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Agamemnon Princeps: Quoting Homer in Suetonius’ Caesars

Keating P.J. McKeon

Harvard University

This paper argues that Homeric quotation in Suetonius’ Caesars constitutes a parallel discourse of leadership within the text, which functions as a discrete index of defective autocratic rule at Rome. In ten instances over the course of the biographies (Suet. Aug. 65.4; Tib. 21.6; Calig. 22.1, 22.4; Claud. 42.1; Ner. 49.3; Galb. 20.2; Vesp. 23.1; Dom. 12.3, 18.2), the Caesars quote Homeric epic at decisive moments of dynastic importance. In so doing, the emperors offer a unique form of engagement with the didactic Homer presented in contemporaneous philosophical treatments. The cumulative effect of these utterances is a warped reflection of the princes’ mirror model of education.

Long recognized as the pinnacle of culture and education in antiquity (e.g. Morgan 1998; Cribiore 2001; Finkelberg 2012; Hunter 2018), recent scholarship has revisited Homeric poetry in light of a “mirror of princes” tradition, reading the epics as a source of guidance on proper conduct for the ruler-in-training (Klooster and van den Berg 2018). At the same time, the use of Greek by Latin speakers has been amply studied (Dubuisson 1992; Swain 2002; Adams 2003), and Suetonius’ singular affinity for reproducing direct speech is well known (Best 1977; Horváth 1996; Damon 2014). The Homeric quotations in Suetonius have been treated specifically as the residue from a miscellaneous Hellenic literary culture (Townend 1960; Dueck 2009); as evidence of an elite performance milieu (Mitchell 2015); or as individual complements to Suetonius’ character sketches (Berthet 1978; Macía Aparicio 2008; Power 2009 and 2011).

My paper locates these bilingual speech acts in relation to the princes’ mirror pedagogy, but displaces the prevailing focus on the ancient classroom to read such quotation as an ironic recasting of a Homeric education in practice. By proposing an embedded Homeric text constructed by quotation in Suetonius, I establish a parallel model of leadership at odds with the imperial institutions depicted. This dissonance is underlined by the explicit break between the two languages of power: Suetonius’ use of an untranslated Greek source text marks out the Caesars’ inability to “translate” Homeric monarchy for a Roman context. Thus Homeric quotation unites a series of autocrats who display the Greek education befitting a leader, but who prove incapable of implementing its precepts. The result is a persistent tension between the perceived leadership lessons of Homeric poetry and their potentially deviant reception beyond the classroom.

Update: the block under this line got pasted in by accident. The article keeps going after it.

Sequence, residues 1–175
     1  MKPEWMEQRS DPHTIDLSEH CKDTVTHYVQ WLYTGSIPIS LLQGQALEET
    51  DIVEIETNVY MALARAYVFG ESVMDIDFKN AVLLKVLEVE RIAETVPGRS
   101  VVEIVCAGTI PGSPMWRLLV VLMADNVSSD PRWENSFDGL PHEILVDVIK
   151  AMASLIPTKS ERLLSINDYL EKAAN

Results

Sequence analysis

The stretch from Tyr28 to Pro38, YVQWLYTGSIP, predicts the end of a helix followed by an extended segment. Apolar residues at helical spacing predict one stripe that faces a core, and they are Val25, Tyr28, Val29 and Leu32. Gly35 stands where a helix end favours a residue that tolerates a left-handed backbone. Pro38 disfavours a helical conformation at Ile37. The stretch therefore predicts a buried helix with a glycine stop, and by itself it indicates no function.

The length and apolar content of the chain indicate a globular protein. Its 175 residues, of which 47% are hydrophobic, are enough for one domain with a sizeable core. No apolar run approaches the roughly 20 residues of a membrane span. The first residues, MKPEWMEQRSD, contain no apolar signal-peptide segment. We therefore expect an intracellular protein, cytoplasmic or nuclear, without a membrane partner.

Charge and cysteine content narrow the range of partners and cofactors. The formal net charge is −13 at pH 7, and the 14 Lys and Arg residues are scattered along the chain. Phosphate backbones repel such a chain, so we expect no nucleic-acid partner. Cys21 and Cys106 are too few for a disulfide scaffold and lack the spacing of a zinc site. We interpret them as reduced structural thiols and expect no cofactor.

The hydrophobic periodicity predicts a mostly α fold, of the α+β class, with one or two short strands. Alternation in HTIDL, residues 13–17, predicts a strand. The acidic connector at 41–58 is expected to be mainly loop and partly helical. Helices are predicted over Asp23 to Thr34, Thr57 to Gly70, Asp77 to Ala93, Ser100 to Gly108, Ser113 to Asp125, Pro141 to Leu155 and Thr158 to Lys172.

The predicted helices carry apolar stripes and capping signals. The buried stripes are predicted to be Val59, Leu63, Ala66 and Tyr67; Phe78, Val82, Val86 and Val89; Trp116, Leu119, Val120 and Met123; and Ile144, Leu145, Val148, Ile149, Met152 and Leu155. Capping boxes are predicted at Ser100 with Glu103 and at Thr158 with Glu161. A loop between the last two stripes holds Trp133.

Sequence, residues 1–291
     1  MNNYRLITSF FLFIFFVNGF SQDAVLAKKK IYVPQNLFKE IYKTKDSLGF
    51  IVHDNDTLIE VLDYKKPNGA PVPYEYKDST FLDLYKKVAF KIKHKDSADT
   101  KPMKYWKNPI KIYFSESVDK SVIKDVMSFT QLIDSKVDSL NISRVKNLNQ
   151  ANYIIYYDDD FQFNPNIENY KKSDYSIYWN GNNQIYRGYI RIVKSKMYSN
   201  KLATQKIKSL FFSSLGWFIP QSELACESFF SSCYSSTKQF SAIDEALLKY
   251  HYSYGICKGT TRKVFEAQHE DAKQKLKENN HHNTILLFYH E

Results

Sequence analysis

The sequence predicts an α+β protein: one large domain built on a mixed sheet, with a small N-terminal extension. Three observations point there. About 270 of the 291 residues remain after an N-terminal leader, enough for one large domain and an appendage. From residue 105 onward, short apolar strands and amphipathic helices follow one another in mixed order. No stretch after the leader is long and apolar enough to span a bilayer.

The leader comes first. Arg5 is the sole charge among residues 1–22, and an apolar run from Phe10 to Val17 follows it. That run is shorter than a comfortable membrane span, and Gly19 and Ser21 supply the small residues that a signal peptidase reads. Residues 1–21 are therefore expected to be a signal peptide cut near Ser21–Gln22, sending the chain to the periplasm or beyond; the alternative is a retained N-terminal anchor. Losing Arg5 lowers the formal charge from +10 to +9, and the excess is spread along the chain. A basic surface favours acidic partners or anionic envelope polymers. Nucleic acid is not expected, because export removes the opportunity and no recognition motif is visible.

My paper culminates in a close reading of the Life of Caligula. Its Homeric quotations signpost a devolution of autocratic rule, which threatens in turn the survival of the Homeric text itself (Suet. Calig. 34.2). The precarious status of the physical corpus functions as a proleptic marker of the principate’s uncertain survival in the wake of Caligula’s tyrannical excesses. A corrupted dependency is revealed at the core of the princes’ mirror pedagogy: far from the mutually advantageous relationship envisioned by a Homeric education, the Caesars are seen to support a faltering autocracy with an ill-suited epic prop.

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